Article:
A new green petrol that could soon be introduced to forecourts will be incompatible with over almost one million cars in the UK, a report shows.
Higher-ethanol E10 fuel – which is claimed to reduce greenhouse gas emissions by two per cent – is being considered by the Government as part of plans to achieve the the nation’s climate change commitments.
However, more than 800,000 UK petrol vehicles – including family favourites like the Volkswagen Golf and Nissan Micra – can’t run on it, according to a new report from the RAC Foundation.
Fuel for thought: A new petrol grade – called E10 – could be introduced in the UK by 2020, but almost one million cars can’t run on it, according to the latest report
The Department for Transport recently opened a consultation into E10 petrol being introduced in as little as two year’s time.
It contains 10 per cent bioethanol compared to the five per cent contained in current E5 unleaded fuel – also known as 95 unleaded on forecourts – and should be better for the environment.
The Government is proposing to guarantee the availability of E5 petrol only until 2020 and the introduction of E10 would also likely spell the end for super-unleaded, or 97 unleaded – fuel.
Ministers had already conceded that around one million cars wouldn’t be compatible with E10, believed to be older models.
New research by the RAC Foundation has identified that many of these will be popular older family cars that are still being used by cash-strapped families today.
Recent laws have dictated that all new petrol cars sold in the European Union from 2011 must able to run on E10.
Close scrutiny of the DVLA’s database of vehicles currently on the road revealed that plenty of incompatible petrol cars are currently being used up and down the country.
It said that 868,517 cars owned by Britons today won’t be able to run on the new higher-ethanol fuel – include 10 per cent of petrol-powered Volkswagen Golfs.
However, it estimated that this would drop to 634,309 by June 2020 as drivers replace some of these vehicles.
Of these 2020 cars, 28,000 would be Volkswagen’s hugely popular family hatchbacks, 18,000 Mazda MX-5 convertibles and 16,000 Nissan Micras – which were all built in the UK between 1992 and 2010.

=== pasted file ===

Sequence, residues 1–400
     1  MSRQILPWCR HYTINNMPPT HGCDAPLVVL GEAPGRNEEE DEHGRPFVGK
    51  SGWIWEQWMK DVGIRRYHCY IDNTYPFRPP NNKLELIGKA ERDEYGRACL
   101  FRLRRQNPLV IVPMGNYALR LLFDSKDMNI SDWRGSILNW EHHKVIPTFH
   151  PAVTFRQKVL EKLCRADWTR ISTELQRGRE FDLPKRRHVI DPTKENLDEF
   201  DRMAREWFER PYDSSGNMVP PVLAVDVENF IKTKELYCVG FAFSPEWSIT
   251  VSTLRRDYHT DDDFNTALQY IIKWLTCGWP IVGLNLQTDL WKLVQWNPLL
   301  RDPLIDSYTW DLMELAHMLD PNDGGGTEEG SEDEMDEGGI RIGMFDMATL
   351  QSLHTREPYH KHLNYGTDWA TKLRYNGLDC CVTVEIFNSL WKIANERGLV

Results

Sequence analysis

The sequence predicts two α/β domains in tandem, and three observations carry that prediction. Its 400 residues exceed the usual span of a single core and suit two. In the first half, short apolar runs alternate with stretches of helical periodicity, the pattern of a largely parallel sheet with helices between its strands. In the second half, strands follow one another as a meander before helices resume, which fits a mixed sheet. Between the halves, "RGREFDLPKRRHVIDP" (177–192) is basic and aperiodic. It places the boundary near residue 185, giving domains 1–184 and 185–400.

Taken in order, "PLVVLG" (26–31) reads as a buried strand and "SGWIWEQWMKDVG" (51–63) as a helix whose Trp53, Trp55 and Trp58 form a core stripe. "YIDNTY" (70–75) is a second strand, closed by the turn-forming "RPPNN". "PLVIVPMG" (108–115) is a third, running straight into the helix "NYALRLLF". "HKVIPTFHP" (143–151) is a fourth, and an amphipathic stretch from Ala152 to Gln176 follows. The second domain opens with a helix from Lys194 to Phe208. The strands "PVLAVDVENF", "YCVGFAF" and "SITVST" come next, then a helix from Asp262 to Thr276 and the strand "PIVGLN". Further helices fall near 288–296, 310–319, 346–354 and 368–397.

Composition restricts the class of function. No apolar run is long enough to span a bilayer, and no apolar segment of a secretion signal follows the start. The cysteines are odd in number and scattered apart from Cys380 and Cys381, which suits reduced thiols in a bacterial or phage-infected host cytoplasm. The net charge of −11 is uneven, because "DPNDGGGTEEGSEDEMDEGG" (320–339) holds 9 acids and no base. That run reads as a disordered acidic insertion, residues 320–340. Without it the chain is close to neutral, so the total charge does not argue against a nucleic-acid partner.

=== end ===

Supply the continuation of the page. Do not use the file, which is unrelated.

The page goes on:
RAC Foundation said 42,213 Volkswagen Golfs currently in UK ownership aren’t compatible with E10 petrol. By 2020, this figure is likely to drop to around 28,000
|MAKE & MODEL||COMPATIBLE IN 2017||INCOMPATIBLE IN 2017||INCOMPATIBLE IN 2020 (EST.)|
|Source: RAC Foundation|
While the study found that 148,299 UK models manufactured after 2000 are incompatible, the introduction of the new fuel is likely to cause huge issues for classic car owners and enthusiasts.
If E10-grade petrol is used without modification to the fuel systems of older vehicles, they are likely to suffer from vapour lock, damage to their fuel system and possibly dangerous fuel leaks.
It can also cause some seals, gaskets, metals and plastics to corrode in non-compatible vehicles.
And while the reduction in carbon emissions will be good for the environment, it is likely to make vehicles less fuel efficient by between 1.5 to 3 per cent.
The Department for Transport’s proposal would see E10 replacing current E5 petrol at all fuel stations, though larger forecourts that sell three million litres of fuel or more each year would also stock ‘protection grade’ E5 for older cars to use.
However, this arrangement would be under review from 2020 onwards, meaning E5 fuel could disappear in less that two year’s time.
Classic British cars will be impacted massively and won’t be able to use the new grade of petrol
The Mazda MX-5 is the best-selling roadster of all time, but older variants won’t be able to run on E10. The same is being said for pre-2011 Nissan Micras, which were all built in Sunderland
Steve Gooding, director of the RAC Foundation, said: ‘As and when E10 appears on the forecourts, drivers need to know whether their cars can use it without being damaged.
‘This analysis shows that even in a couple of years’ time there will still be hundreds of thousands of cars on our roads that are incompatible with the new fuel.
‘Whilst some of those incompatible with E10 fuel will be historic models, many will be old but serviceable everyday run-arounds that people on a tight travel budget rely on to get about.
‘The good news is both that the vast majority of cars on our roads are able to run on E10 and that Transport Secretary Chris Grayling has recognised the need to protect the users of those older vehicles which are not E10 compatible.
‘It will be interesting to see whether the current consultation generates support for the Government’s proposed way forward.’
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